Beaches Love Todd DiCiurcio

Cardboard box filled with colorful cans of spray paint in shdes of pink, purple, blue, green, and orange.
Lgo lockup of "presented by Zen Water"

An Interview with Artist Todd DiCiurcio

Likely the most colorful human in attendance for The Surf Thing over the summer was artist Todd DiCiurcio—and that’s in a very literal way. Although his art speaks for itself, what it might not tell you is that he is also an avid surfer, Solento Tequila’s co-founder, and one-half of one of the sweeter romances out there with Meg DiCiurcio. Walking into the Surf Lodge in early June you might have been fortunate enough to spy a beautiful mural by the artist himself.  For the final installment of “Beaches Love” with our friends over at ZenWTR (the only alkaline water in bottles made from  100% recycled ocean-bound plastic), Todd talks about the relationship between art and water—and how it translates to his canvas.

Colorful abstract mural in the making. A white wall is partly covered with colorful shapes and on the floor next to it are drop cloths and a step ladder.
Todd DiCiurio standing in front of his mural holding a can of spray paint. He is wearing a white t-shirt, black jeans, a baseball hat, and a pair of latex gloves.

Whalebone: The ocean and art. How are they alike, and does it inform any of your work personally? 

Todd DiCiurcio: The meme for existence right here. A child’s reaction to seeing the ocean for the first time was, “Wow, look how big it is!” To which a wise parent replied, “and that’s only the top of it.”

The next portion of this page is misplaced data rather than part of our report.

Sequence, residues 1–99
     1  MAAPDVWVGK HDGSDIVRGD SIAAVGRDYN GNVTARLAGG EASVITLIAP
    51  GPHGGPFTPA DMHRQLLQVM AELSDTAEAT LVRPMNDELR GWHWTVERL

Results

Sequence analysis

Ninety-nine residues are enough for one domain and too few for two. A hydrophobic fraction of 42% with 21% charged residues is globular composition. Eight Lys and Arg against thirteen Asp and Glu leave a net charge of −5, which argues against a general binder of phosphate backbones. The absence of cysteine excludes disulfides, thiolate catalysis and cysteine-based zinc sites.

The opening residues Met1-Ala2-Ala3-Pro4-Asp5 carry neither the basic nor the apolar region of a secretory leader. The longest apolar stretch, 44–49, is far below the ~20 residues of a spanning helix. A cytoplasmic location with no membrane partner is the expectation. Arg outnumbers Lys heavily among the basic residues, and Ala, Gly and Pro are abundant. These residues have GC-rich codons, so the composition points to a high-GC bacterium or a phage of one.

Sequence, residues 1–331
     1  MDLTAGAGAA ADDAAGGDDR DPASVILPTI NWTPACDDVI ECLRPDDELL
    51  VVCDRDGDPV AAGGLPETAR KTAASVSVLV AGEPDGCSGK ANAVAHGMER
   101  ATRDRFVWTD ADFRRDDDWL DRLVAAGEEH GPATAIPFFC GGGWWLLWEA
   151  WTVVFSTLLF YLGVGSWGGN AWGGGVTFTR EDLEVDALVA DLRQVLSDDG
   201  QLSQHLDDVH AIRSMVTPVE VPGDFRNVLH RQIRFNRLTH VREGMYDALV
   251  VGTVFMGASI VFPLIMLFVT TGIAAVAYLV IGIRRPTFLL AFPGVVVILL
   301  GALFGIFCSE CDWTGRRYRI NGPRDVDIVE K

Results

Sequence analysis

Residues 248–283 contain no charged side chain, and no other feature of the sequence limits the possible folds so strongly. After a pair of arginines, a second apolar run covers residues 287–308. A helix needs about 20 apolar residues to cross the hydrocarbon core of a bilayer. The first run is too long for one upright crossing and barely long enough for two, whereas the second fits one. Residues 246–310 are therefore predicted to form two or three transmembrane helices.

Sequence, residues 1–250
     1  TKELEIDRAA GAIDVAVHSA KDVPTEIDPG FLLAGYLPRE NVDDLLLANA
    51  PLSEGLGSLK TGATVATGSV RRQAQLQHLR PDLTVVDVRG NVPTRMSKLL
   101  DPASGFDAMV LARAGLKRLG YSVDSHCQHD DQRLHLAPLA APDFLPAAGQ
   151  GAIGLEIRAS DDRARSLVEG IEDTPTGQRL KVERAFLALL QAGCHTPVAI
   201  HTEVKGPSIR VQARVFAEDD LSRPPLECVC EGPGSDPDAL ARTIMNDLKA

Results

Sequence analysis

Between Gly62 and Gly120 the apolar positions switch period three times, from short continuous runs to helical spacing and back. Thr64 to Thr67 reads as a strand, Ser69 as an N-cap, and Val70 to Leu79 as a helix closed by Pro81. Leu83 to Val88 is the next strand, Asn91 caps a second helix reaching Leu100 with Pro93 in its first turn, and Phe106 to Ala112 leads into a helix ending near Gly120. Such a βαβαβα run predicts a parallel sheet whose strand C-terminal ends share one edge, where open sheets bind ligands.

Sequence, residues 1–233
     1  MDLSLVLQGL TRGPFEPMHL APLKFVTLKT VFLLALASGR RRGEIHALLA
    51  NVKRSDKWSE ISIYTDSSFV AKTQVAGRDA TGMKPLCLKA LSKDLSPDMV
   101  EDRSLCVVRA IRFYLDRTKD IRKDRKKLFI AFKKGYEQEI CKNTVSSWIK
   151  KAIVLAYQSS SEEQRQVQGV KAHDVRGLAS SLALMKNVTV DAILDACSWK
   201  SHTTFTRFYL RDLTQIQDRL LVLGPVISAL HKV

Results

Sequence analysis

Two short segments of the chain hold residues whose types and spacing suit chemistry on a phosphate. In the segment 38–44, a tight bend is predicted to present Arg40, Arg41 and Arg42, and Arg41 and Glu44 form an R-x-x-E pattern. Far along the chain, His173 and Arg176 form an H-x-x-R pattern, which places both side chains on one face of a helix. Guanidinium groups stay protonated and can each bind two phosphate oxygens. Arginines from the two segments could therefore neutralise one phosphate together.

Nature’s struggle for balance in the great oceans is analogous to the filters one might use to interpret a harsh reality. One can only be the best observer to react—and the waves provide that opportunity to understand the greatest value in its presence…timing. This determines all of my mark-making. 

WB:What is your personal relationship like with the water? 

TD:I feel protected within it, protective of it, a pure love. Our bodies are 80% water, so the depths to which we are attracted is a great mystery, yet it is within us.  

The mural partway complete. This section of the white wall is covered in abstract shapes of neon pink and shades of blue, green, and red.

WB:What was the inspiration for the mural for The Surf Thing? 

TD: The Surf Thing mural process was purely unconscious. Looking back, perhaps a reaction to the energy which brings us to different experiences, dancing together with humans who live for that change. Whose love for the unknown becomes a very clear reality, one which is manifested. We all shared the shift upward that indeed celebrated a coming of age.  

Small section of the completed mural wall with a ratan chair in front of it. The wall leaves no white space and is dominated by the colors pink and yellow.

WB:When you hear the word zen what’s the first thing that comes to mind? 

TD: Koans and the peace plight we are all brought to doubt.  

WB: How would you like to leave the planet better than you found it? 

TD: I believe reusing what we already physically have should be a driving force for the change that slows our “wants” to only “needs.”

The completed mural by Todd DiCiurcio on the side wall at The Surf Lodge in Montauk, NY.